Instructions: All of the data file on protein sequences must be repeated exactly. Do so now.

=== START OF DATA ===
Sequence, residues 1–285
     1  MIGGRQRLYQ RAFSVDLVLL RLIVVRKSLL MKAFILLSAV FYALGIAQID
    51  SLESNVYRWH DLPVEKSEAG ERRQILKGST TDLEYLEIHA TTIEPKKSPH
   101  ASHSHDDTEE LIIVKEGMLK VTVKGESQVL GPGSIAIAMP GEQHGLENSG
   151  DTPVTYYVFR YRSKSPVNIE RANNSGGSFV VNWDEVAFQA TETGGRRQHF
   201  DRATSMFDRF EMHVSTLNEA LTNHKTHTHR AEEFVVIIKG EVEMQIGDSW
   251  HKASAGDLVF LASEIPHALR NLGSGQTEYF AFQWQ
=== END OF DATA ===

Sequence, residues 1–285
     1  MIGGRQRLYQ RAFSVDLVLL RLIVVRKSLL MKAFILLSAV FYALGIAQID
    51  SLESNVYRWH DLPVEKSEAG ERRQILKGST TDLEYLEIHA TTIEPKKSPH
   101  ASHSHDDTEE LIIVKEGMLK VTVKGESQVL GPGSIAIAMP GEQHGLENSG
   151  DTPVTYYVFR YRSKSPVNIE RANNSGGSFV VNWDEVAFQA TETGGRRQHF
   201  DRATSMFDRF EMHVSTLNEA LTNHKTHTHR AEEFVVIIKG EVEMQIGDSW
   251  HKASAGDLVF LASEIPHALR NLGSGQTEYF AFQWQ